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|Case Number:||Criminal Appeal 33 of 2010|
|Parties:||MOHAMMED HASSAN v REPBLIC|
|Date Delivered:||22 Sep 2010|
|Court:||High Court at Busia|
|Judge(s):||David Anasi Onyancha|
|Citation:||MOHAMMED HASSAN v REPBLIC  eKLR|
|Case History:||Formerly Bungoma Cr. Appeal No. 101 of 2008|
|Disclaimer:||The information contained in the above segment is not part of the judicial opinion delivered by the Court. The metadata has been prepared by Kenya Law as a guide in understanding the subject of the judicial opinion. Kenya Law makes no warranties as to the comprehensiveness or accuracy of the information|
(From the Conviction and sentence of N.Wambani, SRM in Bungoma Cr.Case No. 1478 of 2008)
The appellant, Mohamed Hassan was charged with the offence of handling stolen property contrary to Section 322(2) of Penal Code. He was tried, and convicted and sentenced to pay a fine of Kshs. 25,000/=, in default to serve prison sentence of 12 months. He appealed against the conviction and sentence.
The prosecution facts are as follows: On 21.7.2008 at one Vipul Rikal Dodhia, a director of Cherangani Hills Ltd. Sent his driver, Maurice Masinde Mutoka and his conductor, Evans Sikuku to Nzoia Sugar Co. Ltd. to collect some purchased 700 bags of sugar. The two had used the company motor vehicle Reg. No. KAU 864 U for the purpose. Apparently they were attacked as they carried the bags of sugar and brutally murdered. The sugar was stolen possibly through a robbery. The truck aforementioned was later discovered, although in a vandalized state, in that its canvas, spare tyres, batteries, iron bars jack, tripillars and ignition keys, were all found stolen. All these items and the bags of were valued Kshs. 1,750,000/=. The properties either belonged to the Cherangani Sugar Co. Ltd. or to the above mentioned director Vipul Rikal Dodhia.
There was some other evidence that the 700 bags of sugar were released to the complainant under the sugar loading tallies Nos. 7935 and 7936 before the robbery was staged. Apparently the sugar was transported to some place called Mundika for storage before being brought to Busia for sale. Those who were hired by the appellant or appellant’s agent to transport the sugar from Mundika to
When the appeal came for a hearing the Attorney-General through Mr. Akeyo, the State Counsel, conceded the appeal on several grounds. He conceded that the sugar was not properly and conclusively identified to be the sugar stolen from the complainant’s driver and conductor. That all that could be said about it is that it originally was manufactured by Nzoia Sugar Company Ltd. and nothing more. That although all bags carried a number of serialization , no evidence was led on that to prove that the actual bags which were bought and later stolen, were the same that were impounded by the police from the appellant’s store.
Secondly, he conceded that there was no evidence that the sugar was received and handled otherwise than in the course of stealing. In other words those charged with handling could have been thieves who actually stole the sugar from the complainant’s driver and turnboy and should first and foremost have been charged of theft with the alternative charge of handling.
Thirdly, the state conceded that the sugar bags I pounded by the police from the appellant’s premised may not have been connected to those stolen from the complainants driver. The evidence accordingly did not proof the required men area that the appellant know or suspected that the impounded 687 bags of sugar were stolen prior to his purchase of them.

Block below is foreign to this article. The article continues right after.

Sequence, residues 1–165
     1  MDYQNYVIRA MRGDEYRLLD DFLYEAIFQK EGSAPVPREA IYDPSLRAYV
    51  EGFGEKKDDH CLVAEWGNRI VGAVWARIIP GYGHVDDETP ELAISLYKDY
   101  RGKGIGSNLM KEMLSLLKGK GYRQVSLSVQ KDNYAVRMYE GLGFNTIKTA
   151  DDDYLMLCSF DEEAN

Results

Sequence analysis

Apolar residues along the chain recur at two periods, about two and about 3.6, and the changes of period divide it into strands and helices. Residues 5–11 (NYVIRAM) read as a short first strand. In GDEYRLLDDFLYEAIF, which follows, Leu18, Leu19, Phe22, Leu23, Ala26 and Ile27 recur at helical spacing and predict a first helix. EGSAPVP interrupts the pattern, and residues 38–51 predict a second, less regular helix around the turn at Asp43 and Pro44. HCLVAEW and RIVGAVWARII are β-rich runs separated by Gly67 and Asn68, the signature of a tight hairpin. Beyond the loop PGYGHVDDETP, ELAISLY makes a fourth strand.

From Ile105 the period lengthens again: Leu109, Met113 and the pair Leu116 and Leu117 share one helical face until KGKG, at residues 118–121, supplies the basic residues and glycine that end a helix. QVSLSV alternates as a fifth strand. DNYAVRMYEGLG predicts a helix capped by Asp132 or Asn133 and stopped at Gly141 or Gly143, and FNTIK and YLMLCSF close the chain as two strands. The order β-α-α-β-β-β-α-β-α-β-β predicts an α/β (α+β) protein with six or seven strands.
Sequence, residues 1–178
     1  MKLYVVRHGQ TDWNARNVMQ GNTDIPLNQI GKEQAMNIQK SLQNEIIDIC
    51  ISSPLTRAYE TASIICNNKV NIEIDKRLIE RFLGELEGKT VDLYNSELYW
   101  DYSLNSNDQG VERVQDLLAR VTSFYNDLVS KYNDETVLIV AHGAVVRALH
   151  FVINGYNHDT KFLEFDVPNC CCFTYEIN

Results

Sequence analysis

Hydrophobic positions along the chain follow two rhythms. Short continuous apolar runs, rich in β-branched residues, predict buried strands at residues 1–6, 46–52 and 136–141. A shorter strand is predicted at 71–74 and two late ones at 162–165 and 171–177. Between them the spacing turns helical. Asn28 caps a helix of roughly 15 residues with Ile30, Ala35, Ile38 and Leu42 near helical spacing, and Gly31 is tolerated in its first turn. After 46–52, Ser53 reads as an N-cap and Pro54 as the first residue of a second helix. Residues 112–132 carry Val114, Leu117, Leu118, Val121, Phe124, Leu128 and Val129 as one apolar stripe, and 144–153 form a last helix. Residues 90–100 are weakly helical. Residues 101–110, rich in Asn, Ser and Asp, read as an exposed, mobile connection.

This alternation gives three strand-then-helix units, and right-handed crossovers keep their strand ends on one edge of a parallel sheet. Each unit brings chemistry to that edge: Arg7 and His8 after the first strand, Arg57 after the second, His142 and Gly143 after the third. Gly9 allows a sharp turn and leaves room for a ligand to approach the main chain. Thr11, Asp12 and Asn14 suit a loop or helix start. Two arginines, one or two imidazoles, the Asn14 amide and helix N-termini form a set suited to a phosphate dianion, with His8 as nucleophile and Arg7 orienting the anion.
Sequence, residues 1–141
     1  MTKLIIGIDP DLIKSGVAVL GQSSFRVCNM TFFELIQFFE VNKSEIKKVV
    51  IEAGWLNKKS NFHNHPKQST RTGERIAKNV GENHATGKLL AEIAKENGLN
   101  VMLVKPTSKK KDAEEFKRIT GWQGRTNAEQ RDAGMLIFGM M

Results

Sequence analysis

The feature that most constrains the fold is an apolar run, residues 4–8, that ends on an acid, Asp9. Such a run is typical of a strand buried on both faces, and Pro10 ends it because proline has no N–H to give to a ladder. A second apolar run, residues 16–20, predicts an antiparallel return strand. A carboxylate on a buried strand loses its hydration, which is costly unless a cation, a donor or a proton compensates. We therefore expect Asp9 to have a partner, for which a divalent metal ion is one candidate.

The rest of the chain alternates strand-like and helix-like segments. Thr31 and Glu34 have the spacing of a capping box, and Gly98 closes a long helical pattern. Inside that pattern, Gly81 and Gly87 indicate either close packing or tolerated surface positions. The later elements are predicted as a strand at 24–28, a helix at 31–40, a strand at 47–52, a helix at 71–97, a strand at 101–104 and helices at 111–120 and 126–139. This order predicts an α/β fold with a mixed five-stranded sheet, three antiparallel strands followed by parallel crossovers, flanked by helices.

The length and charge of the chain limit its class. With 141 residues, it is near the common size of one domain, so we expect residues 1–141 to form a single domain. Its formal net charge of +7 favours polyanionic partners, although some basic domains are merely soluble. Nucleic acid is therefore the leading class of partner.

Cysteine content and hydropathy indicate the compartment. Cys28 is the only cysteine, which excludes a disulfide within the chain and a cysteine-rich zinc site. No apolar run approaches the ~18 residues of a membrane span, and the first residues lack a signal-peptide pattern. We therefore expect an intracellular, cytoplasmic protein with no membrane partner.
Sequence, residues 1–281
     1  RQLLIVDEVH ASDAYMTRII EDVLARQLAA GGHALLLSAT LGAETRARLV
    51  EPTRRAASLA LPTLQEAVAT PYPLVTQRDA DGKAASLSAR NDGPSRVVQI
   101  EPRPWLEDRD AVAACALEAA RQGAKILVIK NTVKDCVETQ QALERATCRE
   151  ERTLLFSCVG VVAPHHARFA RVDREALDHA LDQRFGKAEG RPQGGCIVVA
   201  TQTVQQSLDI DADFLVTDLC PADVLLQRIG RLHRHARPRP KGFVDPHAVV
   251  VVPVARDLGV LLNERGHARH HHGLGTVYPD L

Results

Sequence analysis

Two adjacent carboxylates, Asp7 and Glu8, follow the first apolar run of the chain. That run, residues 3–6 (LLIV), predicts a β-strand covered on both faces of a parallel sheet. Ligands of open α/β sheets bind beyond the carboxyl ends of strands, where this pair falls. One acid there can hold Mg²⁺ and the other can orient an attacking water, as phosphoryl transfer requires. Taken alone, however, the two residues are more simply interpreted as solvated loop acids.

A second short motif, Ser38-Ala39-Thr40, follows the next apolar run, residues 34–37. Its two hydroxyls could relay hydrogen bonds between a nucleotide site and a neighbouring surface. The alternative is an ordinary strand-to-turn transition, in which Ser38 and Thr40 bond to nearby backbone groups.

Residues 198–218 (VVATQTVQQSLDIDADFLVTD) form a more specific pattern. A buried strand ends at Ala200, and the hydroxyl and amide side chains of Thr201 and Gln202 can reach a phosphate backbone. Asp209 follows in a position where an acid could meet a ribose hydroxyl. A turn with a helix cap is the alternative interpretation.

I have carefully considered the submissions. I am in agreement that there was no sufficient evidence upon which the trial magistrate should have convicted. There was no sufficient proof that the impounded 687 bags of sugar from the appellant were the same as those stolen from the complainant’s driver’s lorry. If all bags of manufactured sugar coming out of Nzoia Sugar Company Ltd. are serialized as put in the prosecution evidence, it would not be hard to prove that the bags impounded from appellants store were the same ones sold to cherangani Hills
The court also understands that those charged with handling of the stolen property found in their possession could be the thieves themselves. The charge of handling should accordingly be an alternative charge to a charge of theft. This was not so here.
Finally, men real is crucial in cases of handling. The prosecution has to prove that-
a) The handling was otherwise than in the course of stealing
b) The accused received he goods knowing or having reason to believe that the goods are stolen
c) The accused dishonestly undertook or assisted in retention, removal or disposal or realization of the goods by or for the benefit of another.
In this case the appellant nowhere admitted that the 687 bags of sugar or any of them were stolen or he bought them with knowledge that they were stolen or had reason to so suspect. Adding that to the fact that there was no propere identification that any of the bags was one of those stolen, the court does not see how the trial magistrate would have convicted. In the circumstances this appeal has merit and is hereby allowed. The conviction is quashed and the sentence is set aside. Since the appellant paid the fine, the same should be refunded to him. The 687 bags of sugar impounde were exhibits. They should be returned to the appellant in the circumstances of this case, without barring the complainant of filing a civil suit to show that the bags were actually his and were part of the consignment purchased from Nzoia sugar Co. Ltd but stolen in course of being transported by the complainant. Orders accordingly.
Dated and Delivered at Busia this 22nd Day of September 2010